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Lewis received his entire compensation in this manner by checks drawn by Bradley Lumber Company. The company treated Lewis as its employee. It not only carried him on its payroll, but reported him as its employee to the United States Internal Revenue Service, Social Security Administration, and the North Carolina taxing authorities. It also included him in its group hospitalization plan. Moreover, Bradley carried Lewis as an employee for unemployment and workmen's compensation purposes. By so doing, Bradley Lumber Company was under the protection that the North Carolina law affords employers — relief from unlimited liability at common law for employee injuries proximately caused by the employer's negligence. N.C.Gen. Stat. § 97-10.1 (1965). The company was reimbursed for these expenses in part, but not in full, by the Grindstaff partnership.


Lewis, for his part, reported Bradley Lumber Company as his employer in his state and federal income tax returns. Although he received instructions only from Ronnie Grindstaff, he testified that he did not know whether he was working for Ronnie Grindstaff or Pierce Bradley. Nor did he know whether Ronnie Grindstaff was employed by Bradley Lumber Company.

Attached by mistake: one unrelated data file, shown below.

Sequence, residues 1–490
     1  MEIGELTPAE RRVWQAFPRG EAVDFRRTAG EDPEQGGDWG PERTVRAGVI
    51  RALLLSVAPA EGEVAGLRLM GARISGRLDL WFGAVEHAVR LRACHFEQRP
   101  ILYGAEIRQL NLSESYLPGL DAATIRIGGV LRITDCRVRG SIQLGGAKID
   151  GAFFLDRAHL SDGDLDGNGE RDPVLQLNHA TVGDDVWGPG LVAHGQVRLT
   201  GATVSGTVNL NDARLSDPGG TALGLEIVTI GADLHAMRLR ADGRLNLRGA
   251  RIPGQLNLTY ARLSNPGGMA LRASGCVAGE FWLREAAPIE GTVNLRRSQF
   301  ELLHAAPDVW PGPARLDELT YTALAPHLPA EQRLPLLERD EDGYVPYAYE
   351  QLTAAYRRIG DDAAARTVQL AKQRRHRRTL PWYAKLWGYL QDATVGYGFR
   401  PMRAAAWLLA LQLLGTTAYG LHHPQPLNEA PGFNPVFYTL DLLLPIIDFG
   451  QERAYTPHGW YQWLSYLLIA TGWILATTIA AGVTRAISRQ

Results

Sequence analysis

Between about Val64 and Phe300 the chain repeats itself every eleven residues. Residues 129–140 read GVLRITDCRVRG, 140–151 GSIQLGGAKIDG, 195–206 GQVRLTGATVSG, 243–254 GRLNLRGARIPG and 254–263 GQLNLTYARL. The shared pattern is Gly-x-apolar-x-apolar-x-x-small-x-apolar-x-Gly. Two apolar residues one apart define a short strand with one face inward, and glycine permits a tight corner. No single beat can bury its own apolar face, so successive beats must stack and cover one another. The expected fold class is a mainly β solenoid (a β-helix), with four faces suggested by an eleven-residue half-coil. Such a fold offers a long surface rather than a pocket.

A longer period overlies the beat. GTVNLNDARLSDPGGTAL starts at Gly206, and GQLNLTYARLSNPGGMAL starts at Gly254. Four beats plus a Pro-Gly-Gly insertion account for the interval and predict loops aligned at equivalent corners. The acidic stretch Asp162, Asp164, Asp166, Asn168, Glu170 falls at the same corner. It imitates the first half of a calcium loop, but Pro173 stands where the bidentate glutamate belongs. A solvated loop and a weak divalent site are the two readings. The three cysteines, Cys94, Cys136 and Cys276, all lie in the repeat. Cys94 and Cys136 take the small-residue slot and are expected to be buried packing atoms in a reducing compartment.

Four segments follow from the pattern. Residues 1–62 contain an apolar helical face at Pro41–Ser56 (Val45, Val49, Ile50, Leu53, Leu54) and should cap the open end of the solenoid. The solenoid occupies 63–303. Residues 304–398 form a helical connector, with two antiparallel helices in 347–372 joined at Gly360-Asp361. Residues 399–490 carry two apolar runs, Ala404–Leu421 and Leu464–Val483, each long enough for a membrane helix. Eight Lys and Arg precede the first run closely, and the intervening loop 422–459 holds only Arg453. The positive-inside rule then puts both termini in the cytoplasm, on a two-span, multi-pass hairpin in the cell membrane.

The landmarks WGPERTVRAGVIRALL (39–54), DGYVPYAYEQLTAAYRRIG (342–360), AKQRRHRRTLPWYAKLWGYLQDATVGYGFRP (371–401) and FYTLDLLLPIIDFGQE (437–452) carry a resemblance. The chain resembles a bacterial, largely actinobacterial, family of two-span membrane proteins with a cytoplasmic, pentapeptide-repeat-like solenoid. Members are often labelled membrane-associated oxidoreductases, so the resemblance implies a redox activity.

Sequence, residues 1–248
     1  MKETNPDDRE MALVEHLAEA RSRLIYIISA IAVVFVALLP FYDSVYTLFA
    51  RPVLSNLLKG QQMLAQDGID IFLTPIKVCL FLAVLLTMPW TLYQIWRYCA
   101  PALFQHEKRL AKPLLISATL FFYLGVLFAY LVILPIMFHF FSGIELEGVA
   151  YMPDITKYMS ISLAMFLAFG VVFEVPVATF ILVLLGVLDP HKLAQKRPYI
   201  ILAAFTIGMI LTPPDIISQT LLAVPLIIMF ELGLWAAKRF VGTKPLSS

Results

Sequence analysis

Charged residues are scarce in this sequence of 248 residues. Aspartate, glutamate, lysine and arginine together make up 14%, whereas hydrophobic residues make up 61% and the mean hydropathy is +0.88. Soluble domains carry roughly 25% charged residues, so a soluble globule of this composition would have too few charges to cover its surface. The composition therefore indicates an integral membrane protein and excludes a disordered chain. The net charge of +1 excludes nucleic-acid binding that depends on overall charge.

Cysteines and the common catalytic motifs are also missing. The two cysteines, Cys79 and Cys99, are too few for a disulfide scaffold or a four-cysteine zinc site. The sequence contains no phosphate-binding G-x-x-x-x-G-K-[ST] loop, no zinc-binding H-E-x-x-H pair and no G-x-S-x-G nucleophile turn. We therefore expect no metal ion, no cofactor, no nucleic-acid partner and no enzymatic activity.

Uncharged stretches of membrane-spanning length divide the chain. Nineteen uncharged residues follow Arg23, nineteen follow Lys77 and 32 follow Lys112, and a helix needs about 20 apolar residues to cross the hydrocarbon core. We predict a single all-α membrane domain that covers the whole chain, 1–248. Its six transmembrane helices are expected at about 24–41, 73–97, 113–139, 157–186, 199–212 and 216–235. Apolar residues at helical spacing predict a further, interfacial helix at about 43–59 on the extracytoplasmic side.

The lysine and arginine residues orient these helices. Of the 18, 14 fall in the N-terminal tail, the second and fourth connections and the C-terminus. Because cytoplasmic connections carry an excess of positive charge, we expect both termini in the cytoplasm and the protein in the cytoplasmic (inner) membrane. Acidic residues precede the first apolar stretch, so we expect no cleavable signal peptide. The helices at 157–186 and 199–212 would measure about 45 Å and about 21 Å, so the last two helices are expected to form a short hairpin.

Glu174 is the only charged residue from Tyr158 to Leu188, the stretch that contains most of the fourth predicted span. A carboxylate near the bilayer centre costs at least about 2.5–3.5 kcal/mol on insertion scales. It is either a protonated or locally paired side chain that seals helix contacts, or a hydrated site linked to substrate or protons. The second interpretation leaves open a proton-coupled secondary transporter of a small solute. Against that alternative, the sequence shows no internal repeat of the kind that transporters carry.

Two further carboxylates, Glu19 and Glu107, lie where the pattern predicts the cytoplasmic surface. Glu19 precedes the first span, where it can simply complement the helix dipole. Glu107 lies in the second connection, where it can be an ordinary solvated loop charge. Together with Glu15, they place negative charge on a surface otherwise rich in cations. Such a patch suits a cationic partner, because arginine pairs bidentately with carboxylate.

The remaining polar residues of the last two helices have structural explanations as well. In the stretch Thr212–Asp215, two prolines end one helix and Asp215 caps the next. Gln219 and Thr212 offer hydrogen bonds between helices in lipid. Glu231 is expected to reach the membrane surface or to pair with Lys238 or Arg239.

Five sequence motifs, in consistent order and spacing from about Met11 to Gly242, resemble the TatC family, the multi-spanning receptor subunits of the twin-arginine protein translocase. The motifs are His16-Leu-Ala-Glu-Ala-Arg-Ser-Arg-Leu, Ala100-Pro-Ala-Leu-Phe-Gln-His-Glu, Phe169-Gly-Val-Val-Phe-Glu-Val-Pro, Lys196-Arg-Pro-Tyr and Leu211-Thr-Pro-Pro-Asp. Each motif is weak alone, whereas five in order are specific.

Ronnie Grindstaff, as Lewis' immediate supervisor, served in a dual capacity. Not only was he a partner of R. K. Grindstaff & Son, but he was also the Vice President and a director of the Bradley Lumber Company. He reported daily at Bradley Lumber Company's yard in Marion where he would receive from Bradley the trucking orders to be relayed to Lewis for delivery. Like Lewis, he was treated as Bradley's employee for tax and accounting purposes, and Ronnie's weekly payment of $80.00 was not reported as partnership income.


We think that these facts ineluctably establish that Lewis was no less an employee of the Bradley Lumber Company than of R. K. Grindstaff & Son and that his negligence which brought injuries to the Sharpes is imputable to both. Although Pierce Bradley testified that he did not supervise any of Lewis' activities, we think there can be no doubt that the Bradley Lumber Company retained the right to control Lewis. If, as the appellee claims, the arrangements with respect to Lewis' employment were rooted in a desire of Grindstaff and Bradley to effect a "convenient accommodation," this does not alter the legal consequences of their agreement, particularly when the rights of innocent third parties injured by Lewis' negligence are involved.